Alternative support option for those with dementia

February 10, 2015 | Aged Care Management

The Dementia and Severe Behaviours Supplement was set to provide critical support for the growing population of elderly Australians with Alzheimer’s and other symptoms of Dementia.

However, support is now being expanded through a new alternative program – one announced by the Assistant Minister for Social Services, Mitch Fifield.

In a recent release, the minister explained how this new initiative follows consultation with the aged care sector, through the Ministerial Dementia Forum and the Aged Care Sector Committee. A total of $54.5 million has been allocated for the next four years to establish Severe Behaviour Response Teams (SBRTs).

“SBRTs will be a mobile workforce of clinical experts who will provide timely and expert advice to residential aged care providers that request assistance with addressing the needs of people with the most severe behavioural and psychological symptoms of dementia,” Minister Fifield said.

The primary function of these teams will be visiting residents with extreme behaviours and assisting care providers by teaching best practice ways to actually support the residents.

This new workforce is predicted to begin preliminary operations later this year following a tender process. Minister Fifield explained that the SBRTs will work with the Dementia Behaviour Management Advisory Services that currently function within Australia.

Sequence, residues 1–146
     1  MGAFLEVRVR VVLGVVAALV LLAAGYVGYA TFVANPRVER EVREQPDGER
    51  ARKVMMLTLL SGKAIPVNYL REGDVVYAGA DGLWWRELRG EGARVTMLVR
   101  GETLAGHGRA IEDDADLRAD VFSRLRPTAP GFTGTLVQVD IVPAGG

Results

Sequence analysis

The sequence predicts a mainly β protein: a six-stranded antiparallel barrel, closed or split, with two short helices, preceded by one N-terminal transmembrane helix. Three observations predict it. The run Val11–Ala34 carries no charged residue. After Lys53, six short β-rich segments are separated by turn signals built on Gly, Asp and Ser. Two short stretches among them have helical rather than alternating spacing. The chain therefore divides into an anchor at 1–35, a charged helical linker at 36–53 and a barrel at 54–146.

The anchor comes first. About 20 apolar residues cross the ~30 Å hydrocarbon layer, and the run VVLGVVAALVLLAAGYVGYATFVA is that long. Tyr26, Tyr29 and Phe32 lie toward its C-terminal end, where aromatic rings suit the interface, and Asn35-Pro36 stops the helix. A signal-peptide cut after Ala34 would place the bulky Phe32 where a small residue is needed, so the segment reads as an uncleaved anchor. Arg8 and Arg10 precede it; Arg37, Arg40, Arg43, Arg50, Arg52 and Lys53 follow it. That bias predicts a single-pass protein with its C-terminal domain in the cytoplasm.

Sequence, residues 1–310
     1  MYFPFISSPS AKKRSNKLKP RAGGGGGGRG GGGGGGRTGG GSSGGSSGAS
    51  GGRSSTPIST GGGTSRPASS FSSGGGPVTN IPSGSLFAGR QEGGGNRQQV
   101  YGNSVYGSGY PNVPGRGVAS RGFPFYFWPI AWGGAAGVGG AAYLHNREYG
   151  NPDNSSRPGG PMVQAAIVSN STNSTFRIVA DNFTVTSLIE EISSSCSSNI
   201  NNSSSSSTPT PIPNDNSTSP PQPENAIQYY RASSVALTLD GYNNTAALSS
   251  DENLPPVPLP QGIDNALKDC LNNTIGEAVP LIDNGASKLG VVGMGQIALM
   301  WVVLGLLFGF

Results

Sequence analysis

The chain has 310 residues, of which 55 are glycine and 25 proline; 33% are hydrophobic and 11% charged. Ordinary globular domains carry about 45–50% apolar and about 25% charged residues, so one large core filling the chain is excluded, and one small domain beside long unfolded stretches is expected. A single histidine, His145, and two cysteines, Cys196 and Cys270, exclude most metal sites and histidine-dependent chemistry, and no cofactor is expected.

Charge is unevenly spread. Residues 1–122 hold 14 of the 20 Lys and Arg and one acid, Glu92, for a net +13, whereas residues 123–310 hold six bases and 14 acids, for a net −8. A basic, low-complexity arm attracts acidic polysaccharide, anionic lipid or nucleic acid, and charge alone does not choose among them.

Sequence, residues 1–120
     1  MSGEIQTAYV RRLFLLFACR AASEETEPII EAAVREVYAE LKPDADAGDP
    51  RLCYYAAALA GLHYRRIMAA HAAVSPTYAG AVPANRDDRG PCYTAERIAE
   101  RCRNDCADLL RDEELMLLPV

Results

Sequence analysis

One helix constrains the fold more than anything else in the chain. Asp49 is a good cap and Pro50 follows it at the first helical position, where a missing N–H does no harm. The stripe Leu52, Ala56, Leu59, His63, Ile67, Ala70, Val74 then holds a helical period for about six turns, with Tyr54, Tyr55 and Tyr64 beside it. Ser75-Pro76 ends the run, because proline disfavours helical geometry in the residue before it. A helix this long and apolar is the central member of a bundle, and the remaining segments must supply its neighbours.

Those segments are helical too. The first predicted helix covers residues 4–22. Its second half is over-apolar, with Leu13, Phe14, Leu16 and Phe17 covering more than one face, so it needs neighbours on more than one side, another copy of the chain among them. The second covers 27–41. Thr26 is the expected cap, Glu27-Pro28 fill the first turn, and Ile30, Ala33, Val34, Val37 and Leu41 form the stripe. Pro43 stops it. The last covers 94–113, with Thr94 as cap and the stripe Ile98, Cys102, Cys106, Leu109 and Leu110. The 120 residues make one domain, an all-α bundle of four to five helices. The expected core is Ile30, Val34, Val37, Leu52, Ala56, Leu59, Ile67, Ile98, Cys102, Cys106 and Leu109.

Professor John Kelly, the CEO of Aged and Community Services Australia (ACSA), explained in a new report that the idea of these teams has merit, but it’s still not known whether they’ll actually be able to provide the necessary support. He noted that rural and remote areas especially could see a shortfall when it comes to support.

“If this is a city-centric fix to a large problem, it will disadvantage many people with severe behaviours all
across Australia,” Professor Kelly stated.

He went on to explain the origins of this new supplement, and how the need for the funding didn’t disappear when it was withdrawn.

“While it was clear to ACSA and others in the sector that the supplement’s budget would be overspent, there was unanimous support across the sector for the need for greater support for people with severe behaviours.”

Putting support in place for dementia and severe behaviours is now a critical step to ensure the wellbeing of older Australians over the next few decades. With a larger elderly population on the way, there’s going to be a greater number requiring care for dementia.

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